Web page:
Thursday, 27 October 2016

Pair testing for all

Pair Testing
  • Pair testing is for all in the team - inclusive of testers and non-testers
  • Pair testing is not a measure of who can test better but what and how we can learn (and continue to) from with who we pair with
  • Pair testing has helped me to learn what I need to learn, how having  more heads can help me, how not to test and how else we can test better
  • Pair testing has nothing to do with performance review, have I mentioned it already! The most common myth that if I pair with another person then they steal my super powers needs to be definitely debunked. Let' u encourage pair testing where and when needed. And leave those alone who love to test with the tools, techniques and approaches they have. Because they too contribute to the overall good of the product
  • Pair testing is for those who wish to learn, to get help, to share their ideas, are ready to put their current skills to test and are ready to learn continuously to make themselves better than yesterday
  • Pair test to learn and add tools to your tool kit and ideas to your idea base reference
  • If pair testing is proven to do you harm, share your experience in the comment section so that we can learn how to address it in that context and to understand where not to use it or enforce it
  • I like pair testing with new and experienced testers and non-testers with whom I can learn from, Skype me for a testing session or join weekend testing forums to learn to pair test with the attendees. Pair testing with the tester Ravisuriya (from Moolya, Bangalore) has done more good to me. He deep dives and learns from various perspectives and is a good mentor

Here is my take on Pair Testing for all in the form of a mind map made with XMIND.

Thursday, 29 September 2016

Tester_More than a bug reporter

A tester creates and adds his/her own enhancements to a product based on the skills acquired over a period of time and by learning based on the experience in the same domain and across verticals. As the product progresses from it's discovery phase and passes through requirement collection, wire-frame designing, data modelling, coding and testing phases, we will for ourselves see how continuous learning contributes to transform the product into a full-fledged product or in some cases a minimum viable product (MVP).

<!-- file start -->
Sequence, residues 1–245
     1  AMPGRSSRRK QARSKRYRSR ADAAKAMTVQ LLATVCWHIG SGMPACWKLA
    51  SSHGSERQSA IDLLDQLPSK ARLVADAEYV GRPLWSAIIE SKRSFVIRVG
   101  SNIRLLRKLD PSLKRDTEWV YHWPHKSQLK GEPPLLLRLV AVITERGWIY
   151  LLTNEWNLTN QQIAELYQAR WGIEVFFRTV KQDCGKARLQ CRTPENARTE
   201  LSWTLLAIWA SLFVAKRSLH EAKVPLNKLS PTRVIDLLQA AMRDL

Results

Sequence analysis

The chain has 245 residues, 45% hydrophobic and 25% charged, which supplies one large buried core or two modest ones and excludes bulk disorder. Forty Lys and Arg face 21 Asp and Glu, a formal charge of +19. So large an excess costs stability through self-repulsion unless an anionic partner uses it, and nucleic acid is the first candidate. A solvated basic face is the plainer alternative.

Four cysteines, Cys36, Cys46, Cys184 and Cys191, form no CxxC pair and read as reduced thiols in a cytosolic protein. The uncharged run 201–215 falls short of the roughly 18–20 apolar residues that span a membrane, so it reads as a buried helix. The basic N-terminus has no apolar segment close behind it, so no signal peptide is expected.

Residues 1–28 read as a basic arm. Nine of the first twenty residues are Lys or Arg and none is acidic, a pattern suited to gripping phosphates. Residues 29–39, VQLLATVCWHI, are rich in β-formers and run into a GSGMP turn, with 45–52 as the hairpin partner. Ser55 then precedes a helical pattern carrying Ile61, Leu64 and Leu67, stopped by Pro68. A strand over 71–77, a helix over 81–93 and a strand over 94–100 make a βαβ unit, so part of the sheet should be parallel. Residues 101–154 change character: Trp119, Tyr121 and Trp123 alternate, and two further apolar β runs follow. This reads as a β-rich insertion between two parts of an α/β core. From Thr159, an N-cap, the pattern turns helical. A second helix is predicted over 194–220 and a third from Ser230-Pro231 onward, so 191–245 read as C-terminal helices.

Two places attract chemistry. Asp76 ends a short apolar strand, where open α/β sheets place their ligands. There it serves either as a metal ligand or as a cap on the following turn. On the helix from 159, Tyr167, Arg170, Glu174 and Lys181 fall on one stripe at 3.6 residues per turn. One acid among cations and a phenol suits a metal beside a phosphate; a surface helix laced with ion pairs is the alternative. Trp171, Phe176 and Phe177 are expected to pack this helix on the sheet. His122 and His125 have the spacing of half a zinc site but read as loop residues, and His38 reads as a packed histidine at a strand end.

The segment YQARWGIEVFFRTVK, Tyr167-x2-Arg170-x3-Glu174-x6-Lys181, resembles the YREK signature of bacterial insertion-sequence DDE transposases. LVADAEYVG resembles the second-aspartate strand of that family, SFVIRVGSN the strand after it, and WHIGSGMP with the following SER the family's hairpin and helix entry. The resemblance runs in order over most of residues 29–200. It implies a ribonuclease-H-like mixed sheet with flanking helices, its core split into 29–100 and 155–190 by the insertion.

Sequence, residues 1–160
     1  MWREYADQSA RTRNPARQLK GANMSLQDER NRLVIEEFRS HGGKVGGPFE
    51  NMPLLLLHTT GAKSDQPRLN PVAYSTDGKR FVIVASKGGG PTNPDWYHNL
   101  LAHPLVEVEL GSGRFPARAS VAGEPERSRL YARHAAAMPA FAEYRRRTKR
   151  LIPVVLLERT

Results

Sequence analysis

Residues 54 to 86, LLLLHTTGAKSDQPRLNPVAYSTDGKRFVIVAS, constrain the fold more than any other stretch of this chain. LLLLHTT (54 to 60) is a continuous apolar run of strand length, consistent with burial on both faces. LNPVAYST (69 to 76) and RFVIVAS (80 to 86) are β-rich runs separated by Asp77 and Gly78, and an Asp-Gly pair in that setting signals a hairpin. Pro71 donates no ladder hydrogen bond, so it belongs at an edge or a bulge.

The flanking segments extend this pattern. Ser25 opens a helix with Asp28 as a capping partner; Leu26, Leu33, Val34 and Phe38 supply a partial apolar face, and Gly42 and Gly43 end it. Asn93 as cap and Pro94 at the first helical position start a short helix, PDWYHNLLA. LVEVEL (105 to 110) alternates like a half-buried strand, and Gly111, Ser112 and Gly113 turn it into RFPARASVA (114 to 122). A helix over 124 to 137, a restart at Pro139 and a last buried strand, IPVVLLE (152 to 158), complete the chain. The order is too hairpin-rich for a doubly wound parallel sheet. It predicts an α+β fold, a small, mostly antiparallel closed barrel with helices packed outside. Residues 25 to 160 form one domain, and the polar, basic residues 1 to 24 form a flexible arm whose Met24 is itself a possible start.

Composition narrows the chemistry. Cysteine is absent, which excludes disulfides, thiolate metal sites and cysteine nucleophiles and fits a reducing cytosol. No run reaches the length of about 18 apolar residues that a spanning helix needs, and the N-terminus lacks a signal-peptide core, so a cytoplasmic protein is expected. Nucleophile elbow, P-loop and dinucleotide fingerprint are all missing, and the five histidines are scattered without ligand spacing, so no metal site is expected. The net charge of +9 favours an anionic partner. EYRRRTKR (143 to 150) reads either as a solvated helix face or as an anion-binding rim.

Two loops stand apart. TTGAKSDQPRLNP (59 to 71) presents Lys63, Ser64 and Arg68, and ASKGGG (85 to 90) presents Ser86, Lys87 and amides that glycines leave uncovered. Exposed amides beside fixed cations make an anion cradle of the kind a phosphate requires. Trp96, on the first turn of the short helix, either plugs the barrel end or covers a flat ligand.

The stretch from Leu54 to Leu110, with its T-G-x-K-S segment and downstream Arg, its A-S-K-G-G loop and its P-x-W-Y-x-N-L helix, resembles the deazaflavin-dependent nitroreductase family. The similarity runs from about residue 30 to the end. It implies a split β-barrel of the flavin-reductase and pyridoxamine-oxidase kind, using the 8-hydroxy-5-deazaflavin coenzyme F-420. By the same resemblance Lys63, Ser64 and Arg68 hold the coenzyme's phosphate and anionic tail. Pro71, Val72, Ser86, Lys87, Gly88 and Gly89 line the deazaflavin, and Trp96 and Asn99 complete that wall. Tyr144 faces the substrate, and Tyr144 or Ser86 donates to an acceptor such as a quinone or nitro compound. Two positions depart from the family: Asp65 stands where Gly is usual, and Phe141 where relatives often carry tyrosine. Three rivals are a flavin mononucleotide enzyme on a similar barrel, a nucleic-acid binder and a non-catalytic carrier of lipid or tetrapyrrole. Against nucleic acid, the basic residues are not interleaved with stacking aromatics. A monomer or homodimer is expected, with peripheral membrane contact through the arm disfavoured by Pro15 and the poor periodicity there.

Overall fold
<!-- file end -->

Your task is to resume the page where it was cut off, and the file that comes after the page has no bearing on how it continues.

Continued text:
Here are a few tips that can come in handy to build such an experience into a product. To make this experience first hand, explore the product from different perspectives that are in scope and in a given context.
  1. Learn continuously
  2. Report diligently

Learn to test

A tester needs to learn to test from different user perspectives. In a particular session, if we are testing on behalf of a user who sees a product as insecure. In the next session, we might want to change this perspective and test the product on behalf of a user who has motor and sensory disorder, a user who faces difficulty in accessing the application using the keyboard. This mindset can help a tester to learn to test differently and make the software accessible to the wider audience.
Pair testing is found to be an effective way to learn faster, as testing becomes double the fun when we test together. It helps avoid common mistakes, learn another test idea, build competence and equip oneself with the knowledge shared by a paired tester.
Continue this exercise with other testers in the team and learn from all. It is found to be beneficial, when the team comes together and tests. And not just with testers, broaden this circle and test with non-testers, coders, actual users, differently-abled users, a hacker to learn and share the knowledge. I picked up on testing with browser add-ons in one such exercise and I find myself getting into a habit to be on the lookout for tools which can assist in testing quicker and better. Built on this continuous learning is a product which takes shape brilliantly with each passing day. This combined with a sense of contribution to enhance the product's quality leads to satisfaction as a tester who's ideas are as important as anybody else's in the team.


A journalist or a reporter stops at nothing, when reporting news which the public can use. So is a tester, who should not shy away or be afraid to communicate a bug. Learn to learn and unlearn no matter how trivial a task is. We blame the media for reporting only the failures and rightly so for overdoing it. Testers can take a cue from this and give all the love that a product rightly deserves.
Testers need to not just critique the software but also share good news. Give credit to all the goodness in a product. 

Interacting with valid and accurate sources of information is a key to reporting successfully and to get the bug fixed with less or no hassle. More is the value attached to the bug report when the reporter talks to and refers reliable sources of information. Have a repository of tools, point of contacts, websites, updated legal guidelines to refer to, to make the report itself authentic. Add value to the report by quoting various instances in which a user finds it difficult to access the application or fails in doing so.
Finally, build reliable reference list and keep it updated, check list, tools, heuristics to refer to when reporting bugs.